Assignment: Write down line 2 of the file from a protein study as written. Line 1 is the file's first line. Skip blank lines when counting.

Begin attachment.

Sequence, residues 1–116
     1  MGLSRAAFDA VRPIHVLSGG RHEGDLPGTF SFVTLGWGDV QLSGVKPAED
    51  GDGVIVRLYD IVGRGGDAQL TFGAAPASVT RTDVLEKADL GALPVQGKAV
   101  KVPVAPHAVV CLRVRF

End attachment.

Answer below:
     1  MGLSRAAFDA VRPIHVLSGG RHEGDLPGTF SFVTLGWGDV QLSGVKPAED